Chinese businessman Ren Zhengfei was reportedly so taken with a book encouraging ‘employee leadership’, called Flight of the Buffalo, that he took inspiration for his own firm and brought in a rotating CEO system. And we're not talking about a budding start-up, free to be experimental with its hierarchy, but electronics giant Huawei, which turns over $60bn annually, employs 170,000 staff and is currently giving the likes of Apple and Samsung a run for their money in the smartphone market.
A significant leadership change for a company of that size is risky, but Ren says he considered the alternative riskier still. ‘Traditionally, one person was authorised to act as a company CEO, and the fate of the company rested with this single person,’ he said in his statement about Huawei’s rotating CEO system, which is implemented under the Board of Directors' leadership. ‘History has proven time and again that this practice poses greater risks.’ Since 2011, three deputy chairmen have taken it in terms to be CEO for six months at a time at the company. Ken Hu has just been appointed the rotating chief exec for April and will stay there until September.
The CEO is in charge of the firm’s operations and crisis management during the tenure, as well as chairing the meetings of the Board of Directors’ executive committee. The execs bring knowledge from different parts of the company, whether R&D or marketing, and their normal duties don’t waver while acting as CEO in an effort to keep stability.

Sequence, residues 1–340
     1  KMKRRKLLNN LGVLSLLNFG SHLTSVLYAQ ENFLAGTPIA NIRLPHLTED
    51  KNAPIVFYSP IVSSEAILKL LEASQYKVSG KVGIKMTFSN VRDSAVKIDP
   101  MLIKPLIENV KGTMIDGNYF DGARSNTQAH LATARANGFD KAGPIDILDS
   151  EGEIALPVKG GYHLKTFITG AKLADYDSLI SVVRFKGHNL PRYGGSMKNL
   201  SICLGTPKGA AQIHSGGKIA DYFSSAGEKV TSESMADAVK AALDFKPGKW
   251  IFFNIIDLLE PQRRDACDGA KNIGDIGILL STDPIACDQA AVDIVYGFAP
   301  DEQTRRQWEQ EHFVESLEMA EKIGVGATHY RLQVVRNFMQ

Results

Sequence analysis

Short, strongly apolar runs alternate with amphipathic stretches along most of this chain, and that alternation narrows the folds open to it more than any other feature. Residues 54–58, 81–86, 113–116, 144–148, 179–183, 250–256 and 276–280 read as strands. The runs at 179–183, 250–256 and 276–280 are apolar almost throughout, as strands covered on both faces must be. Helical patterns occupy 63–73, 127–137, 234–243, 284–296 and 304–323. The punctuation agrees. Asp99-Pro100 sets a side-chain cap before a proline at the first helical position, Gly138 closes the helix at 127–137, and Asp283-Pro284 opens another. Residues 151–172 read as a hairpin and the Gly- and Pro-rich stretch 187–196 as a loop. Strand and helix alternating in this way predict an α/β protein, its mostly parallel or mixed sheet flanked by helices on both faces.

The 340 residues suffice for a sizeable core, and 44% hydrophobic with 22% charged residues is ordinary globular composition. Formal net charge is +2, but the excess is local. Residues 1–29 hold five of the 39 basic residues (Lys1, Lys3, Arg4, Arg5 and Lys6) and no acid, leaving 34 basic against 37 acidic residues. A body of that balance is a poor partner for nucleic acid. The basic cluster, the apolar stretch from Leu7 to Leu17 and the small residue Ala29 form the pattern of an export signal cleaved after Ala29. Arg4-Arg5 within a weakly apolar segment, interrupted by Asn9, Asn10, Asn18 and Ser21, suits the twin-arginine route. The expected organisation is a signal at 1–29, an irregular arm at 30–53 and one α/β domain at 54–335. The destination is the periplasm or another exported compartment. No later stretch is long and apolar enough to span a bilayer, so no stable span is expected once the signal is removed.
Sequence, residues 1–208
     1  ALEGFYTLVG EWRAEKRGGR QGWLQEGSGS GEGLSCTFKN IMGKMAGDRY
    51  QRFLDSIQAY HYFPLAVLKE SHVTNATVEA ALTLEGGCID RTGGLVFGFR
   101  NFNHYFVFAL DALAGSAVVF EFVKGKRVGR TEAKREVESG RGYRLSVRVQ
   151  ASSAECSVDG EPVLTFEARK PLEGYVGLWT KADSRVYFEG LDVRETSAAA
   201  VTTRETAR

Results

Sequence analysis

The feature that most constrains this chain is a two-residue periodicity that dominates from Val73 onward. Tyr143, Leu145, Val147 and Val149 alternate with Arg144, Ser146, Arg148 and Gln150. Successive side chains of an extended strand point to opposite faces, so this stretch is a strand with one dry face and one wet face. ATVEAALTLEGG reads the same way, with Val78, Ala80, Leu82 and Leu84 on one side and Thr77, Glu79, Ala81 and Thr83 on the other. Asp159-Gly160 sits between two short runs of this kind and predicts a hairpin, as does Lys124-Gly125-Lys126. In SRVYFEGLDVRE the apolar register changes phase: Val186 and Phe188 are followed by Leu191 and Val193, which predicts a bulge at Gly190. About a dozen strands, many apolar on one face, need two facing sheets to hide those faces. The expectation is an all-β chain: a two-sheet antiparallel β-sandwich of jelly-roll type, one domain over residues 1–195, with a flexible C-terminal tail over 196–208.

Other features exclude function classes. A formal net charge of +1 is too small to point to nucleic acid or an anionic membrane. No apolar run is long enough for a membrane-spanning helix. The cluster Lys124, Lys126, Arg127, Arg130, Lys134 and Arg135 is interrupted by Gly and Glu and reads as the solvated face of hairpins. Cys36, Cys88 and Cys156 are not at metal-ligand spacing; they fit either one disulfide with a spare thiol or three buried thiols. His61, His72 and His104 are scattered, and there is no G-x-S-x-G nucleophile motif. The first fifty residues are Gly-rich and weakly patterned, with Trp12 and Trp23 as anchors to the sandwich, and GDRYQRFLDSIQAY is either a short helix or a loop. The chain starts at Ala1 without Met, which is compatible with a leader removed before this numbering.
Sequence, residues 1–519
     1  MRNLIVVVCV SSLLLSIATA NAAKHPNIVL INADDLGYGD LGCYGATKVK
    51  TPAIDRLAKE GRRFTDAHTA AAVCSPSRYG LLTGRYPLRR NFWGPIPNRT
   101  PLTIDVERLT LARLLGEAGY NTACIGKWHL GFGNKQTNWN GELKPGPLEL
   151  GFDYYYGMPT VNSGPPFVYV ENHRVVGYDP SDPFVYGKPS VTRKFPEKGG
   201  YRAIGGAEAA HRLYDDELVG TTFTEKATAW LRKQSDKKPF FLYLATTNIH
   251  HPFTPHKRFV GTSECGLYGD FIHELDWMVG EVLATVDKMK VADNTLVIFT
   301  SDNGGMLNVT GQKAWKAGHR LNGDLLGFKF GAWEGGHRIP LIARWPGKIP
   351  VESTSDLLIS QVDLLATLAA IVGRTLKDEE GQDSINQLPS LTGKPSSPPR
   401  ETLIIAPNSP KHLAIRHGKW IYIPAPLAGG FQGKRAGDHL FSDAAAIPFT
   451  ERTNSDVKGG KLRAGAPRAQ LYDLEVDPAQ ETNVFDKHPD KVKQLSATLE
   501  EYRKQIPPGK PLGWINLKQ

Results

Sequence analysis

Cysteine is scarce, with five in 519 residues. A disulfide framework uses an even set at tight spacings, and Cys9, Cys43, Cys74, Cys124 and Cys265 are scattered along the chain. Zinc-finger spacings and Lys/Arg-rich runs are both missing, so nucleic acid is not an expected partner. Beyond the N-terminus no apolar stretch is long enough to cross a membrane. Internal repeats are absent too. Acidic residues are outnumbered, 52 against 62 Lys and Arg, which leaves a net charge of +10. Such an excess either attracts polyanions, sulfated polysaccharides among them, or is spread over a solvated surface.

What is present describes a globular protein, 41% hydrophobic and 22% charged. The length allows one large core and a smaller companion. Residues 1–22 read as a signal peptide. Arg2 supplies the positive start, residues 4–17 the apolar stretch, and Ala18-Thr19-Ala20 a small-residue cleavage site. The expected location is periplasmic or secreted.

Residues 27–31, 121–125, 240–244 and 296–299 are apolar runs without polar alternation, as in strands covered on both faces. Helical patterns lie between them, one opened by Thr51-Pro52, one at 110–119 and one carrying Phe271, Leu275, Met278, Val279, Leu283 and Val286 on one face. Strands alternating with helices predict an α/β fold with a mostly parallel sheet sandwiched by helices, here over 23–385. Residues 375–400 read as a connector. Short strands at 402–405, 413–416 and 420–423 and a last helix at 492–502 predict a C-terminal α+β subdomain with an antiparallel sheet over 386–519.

Ren Zhengfei - Credit: Huawei
There’s a lot of speculation about why Huawei introduced the system, but one reason is surely succession planning. It makes to give potential candidates a taste of the hot seat and make sure they’re all familiar with the company ethos – similar to BP’s Turtle training ground for talented execs who were given insight into running the whole shebang. But even the bst laid succession plans don't always work out - former BP CEO Tony 'I want my life back' Hayward previously served as a Turtle to John Browne.
But here's the thing - for Huawei, Ren clearly remains the big cheese. Like many founders who can’t help but stay close to their business, he doesn’t want to step back too far. A cynic might say that bringing in rotating CEOs is thus a question of divide and rule rather than anything else - it doesn't give anyone long enough to mount a serious challenge to his authority.
Proof, if it were neeed, of this is that Ren is also a CEO (yes another one), and first among equals too with a veto power denied the occupier of the rotating position. In other words, he's the actual boss.
And in that respect, the rotating three aren't really CEOs - they're more like COOs. They have no more voting power than any other member of the board, athough they probably have more influence over what gets put ot the vote in the first place.
Huawei isn’t public – it’s officially employee-owned under an ‘employee stock option plan’, but the details on that have been murky for some time. Chinese corporate governance isn't like Western corporate governance and Chinese firms don't tend to be known for their transparency on that front.
So whether this really is a genuine attempt to bring on executive talent and prepare for Ren eventual departure, or a case of the founder keeping his underlings busy looking over their shoulders and in no doubt as to who is really in charge, isn't clear. It's certianly a novel approach though.